>> the conservative members of the last 20 years that frustrate you -- >> during my years here when i voted, i had the most conservative voting record in the congress. it does pain me to be described as spineless or a squish and i tell you what pains me the most is when they describe me as the establishment. now, i'm the most anti-establishment speaker we have ever had. who was the guy believes in regular order? me. who believes in allowing more members to participate in the process from both sides of the aisle? me. i'm pretty comfortable in my own skin. i'm going to do my best to show all of our members, democrats and republicans, and those members who voted against me, that i'm up to the job i was given. >> on immigration and d.h.s., if
this does not get 60 votes in the senate doesn't seem like it will turn back obama's executive action will you never pass -- >> the house is going to work its will. the way the process works is once the house works its will the senate will work its will. then we have options. we can go to conference. we can take the senate bill. a lot of options available to us when we pass our bill, we'll see what the senate can do. then we'll act. >> mr. speaker will you allow a rule -- >> i don't know what the rules committee will decide. i've got my doubts. it will be a truly open rule. i do suspect there will be amendments allowed.
>> you said yesterday you know this man you defended him publicly, what do you say about his votes in the past against the creation of a martin luther king holiday with the holiday right around the corner? >> i'm not familiar with his votes in the past in any way, shape, or form. yes, ma'am. >> veto threats that came down while you were taking the oath of office, has there ever any discussion between you and the white house to reach an agreement? >> as you know the leaders of both parties, both houses will be down at the white house next week to meet with the president. i would imagine there would be some discussion about it. >> mr. speaker right after the speaker's vote--yesterday talked about having a family discussion. some of your allies and members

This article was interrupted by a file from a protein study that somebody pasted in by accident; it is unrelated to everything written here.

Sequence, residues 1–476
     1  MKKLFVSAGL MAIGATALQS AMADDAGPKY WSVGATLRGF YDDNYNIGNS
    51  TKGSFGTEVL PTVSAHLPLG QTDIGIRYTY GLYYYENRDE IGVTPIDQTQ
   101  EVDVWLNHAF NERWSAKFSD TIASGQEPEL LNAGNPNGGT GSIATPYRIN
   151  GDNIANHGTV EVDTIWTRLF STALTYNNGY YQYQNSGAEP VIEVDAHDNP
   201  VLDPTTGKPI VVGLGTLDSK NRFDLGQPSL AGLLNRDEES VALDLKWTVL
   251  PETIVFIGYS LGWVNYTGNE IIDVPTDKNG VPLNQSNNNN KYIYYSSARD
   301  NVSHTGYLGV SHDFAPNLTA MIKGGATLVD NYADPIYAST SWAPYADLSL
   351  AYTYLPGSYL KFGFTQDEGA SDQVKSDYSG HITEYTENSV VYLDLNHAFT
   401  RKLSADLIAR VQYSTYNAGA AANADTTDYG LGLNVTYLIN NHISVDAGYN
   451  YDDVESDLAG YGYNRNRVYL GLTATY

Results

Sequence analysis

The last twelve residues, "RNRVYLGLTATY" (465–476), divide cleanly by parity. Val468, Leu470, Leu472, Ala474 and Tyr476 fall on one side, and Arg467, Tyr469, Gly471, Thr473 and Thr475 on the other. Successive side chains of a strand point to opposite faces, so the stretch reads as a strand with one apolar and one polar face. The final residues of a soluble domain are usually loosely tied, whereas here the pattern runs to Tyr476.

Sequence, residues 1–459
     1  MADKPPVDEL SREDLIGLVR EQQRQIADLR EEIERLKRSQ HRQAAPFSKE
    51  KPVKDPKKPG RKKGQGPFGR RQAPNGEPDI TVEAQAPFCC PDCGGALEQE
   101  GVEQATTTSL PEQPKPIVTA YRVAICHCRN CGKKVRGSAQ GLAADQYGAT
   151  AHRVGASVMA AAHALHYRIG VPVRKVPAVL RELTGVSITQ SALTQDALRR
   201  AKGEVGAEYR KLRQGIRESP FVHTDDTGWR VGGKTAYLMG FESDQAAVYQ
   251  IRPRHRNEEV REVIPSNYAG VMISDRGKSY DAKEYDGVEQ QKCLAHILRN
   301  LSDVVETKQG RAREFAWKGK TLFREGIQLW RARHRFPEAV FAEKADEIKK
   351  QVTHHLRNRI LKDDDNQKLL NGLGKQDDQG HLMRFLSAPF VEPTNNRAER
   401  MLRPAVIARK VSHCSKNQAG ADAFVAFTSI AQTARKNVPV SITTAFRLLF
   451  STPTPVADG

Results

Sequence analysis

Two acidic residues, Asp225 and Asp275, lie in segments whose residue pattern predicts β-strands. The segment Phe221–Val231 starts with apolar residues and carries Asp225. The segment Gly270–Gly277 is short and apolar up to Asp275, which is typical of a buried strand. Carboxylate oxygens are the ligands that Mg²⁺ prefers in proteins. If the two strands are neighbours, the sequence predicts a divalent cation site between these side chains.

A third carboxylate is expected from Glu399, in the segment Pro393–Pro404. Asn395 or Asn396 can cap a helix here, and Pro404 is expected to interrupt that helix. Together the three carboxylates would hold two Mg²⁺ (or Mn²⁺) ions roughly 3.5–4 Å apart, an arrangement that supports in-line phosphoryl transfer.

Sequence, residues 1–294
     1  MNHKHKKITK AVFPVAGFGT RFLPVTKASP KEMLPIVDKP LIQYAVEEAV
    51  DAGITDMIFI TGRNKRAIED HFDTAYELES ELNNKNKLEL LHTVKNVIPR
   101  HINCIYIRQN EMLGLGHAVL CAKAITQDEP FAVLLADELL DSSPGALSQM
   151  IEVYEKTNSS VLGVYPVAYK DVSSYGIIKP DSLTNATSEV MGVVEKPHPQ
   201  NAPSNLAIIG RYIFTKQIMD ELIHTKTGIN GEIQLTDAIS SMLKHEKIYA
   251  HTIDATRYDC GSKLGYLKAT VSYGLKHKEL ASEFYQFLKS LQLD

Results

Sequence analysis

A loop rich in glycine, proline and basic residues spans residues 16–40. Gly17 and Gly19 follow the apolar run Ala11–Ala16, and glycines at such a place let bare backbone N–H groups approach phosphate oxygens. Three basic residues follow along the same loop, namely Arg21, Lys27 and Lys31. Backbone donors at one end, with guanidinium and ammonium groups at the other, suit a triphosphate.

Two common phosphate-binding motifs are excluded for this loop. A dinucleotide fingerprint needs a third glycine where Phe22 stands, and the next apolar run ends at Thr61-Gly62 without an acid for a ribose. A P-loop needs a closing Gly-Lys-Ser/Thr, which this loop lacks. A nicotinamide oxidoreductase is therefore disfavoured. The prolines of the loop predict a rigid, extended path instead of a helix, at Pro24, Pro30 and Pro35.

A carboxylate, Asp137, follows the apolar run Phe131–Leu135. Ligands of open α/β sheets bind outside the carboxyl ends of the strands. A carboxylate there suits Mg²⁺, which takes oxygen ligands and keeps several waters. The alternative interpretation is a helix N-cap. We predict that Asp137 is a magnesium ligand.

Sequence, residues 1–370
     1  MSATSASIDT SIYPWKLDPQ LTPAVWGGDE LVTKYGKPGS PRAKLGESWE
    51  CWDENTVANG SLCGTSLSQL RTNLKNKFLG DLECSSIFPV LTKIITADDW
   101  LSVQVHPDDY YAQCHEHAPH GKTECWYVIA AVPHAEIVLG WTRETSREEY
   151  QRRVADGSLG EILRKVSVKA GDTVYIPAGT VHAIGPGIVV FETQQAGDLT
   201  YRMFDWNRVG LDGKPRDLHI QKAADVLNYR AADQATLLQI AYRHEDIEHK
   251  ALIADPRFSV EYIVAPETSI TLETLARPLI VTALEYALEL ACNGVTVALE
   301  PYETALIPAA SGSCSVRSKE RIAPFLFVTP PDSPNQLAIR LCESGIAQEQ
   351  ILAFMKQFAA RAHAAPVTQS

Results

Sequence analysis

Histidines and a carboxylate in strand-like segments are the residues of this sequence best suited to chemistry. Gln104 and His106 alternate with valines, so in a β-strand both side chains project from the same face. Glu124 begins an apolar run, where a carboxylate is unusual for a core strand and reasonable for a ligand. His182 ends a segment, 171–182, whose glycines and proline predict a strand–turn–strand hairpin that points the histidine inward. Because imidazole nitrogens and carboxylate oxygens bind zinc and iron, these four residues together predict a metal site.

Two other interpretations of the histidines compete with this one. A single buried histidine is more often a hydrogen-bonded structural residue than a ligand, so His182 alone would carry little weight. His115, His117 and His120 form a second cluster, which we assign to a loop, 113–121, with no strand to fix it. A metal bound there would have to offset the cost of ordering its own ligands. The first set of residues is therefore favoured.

want action taken, some don't. have you made a decision on what you're going to do about this and unify the congress going forward? >> i have not. my focus is on the american people's priorities. we've got an economy that's improving a bit. but most americans aren't seeing it. so we are going to stay focused on the american people's priorities. this family conversation will continue. and we'll come to some resolution in the days and weeks ahead. thanks. [captioning performed by the national captioning institute, which is responsible for its caption content and accuracy. visit ncicap.org] >> house speaker, john boehner. earlier, nancy pelosi, the democratic leader held her briefing. at the end of that briefing it was announced democratic senator barbara boxer of california saying she will not seek re-election in 2026 to a fifth term of office. and a number of members have tweeted about that, reaction to
barbara boxer's announced resignation. scow lofgren, senator boxer will be replaceable in the senate. champion for the environment, state of california, and women everywhere. the house will be in in under 15 minutes at noon eastern today. and will take up the rule that will allow consideration of two bills. one would approve the construction permit for the keystone pipeline, that will be debated tomorrow. the other would change the definition of full-time worker under the health care law from 30 hours to 40 hours. and get some background on that measure. expected to be debated today. c.q. roll call health care policy reporter, melanie zanona. >> this bill is sponsored by todd young of indiana. a republican. with the support of the democrats. and what it would do is change the definition of a full-time workweek under the 2010 health care law. currently the definition is 30 hours. so employers have to provide health insurance for employees who work 30 hours or more.